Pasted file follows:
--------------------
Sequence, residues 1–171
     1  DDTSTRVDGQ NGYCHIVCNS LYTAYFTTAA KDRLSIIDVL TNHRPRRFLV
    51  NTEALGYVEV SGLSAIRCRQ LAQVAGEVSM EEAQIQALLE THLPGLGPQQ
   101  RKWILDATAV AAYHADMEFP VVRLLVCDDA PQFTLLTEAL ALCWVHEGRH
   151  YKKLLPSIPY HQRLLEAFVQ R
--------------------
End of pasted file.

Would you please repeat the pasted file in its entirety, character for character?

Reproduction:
Sequence, residues 1–171
     1  DDTSTRVDGQ NGYCHIVCNS LYTAYFTTAA KDRLSIIDVL TNHRPRRFLV
    51  NTEALGYVEV SGLSAIRCRQ LAQVAGEVSM EEAQIQALLE THLPGLGPQQ
   101  RKWILDATAV AAYHADMEFP VVRLLVCDDA PQFTLLTEAL ALCWVHEGRH
   151  YKKLLPSIPY HQRLLEAFVQ R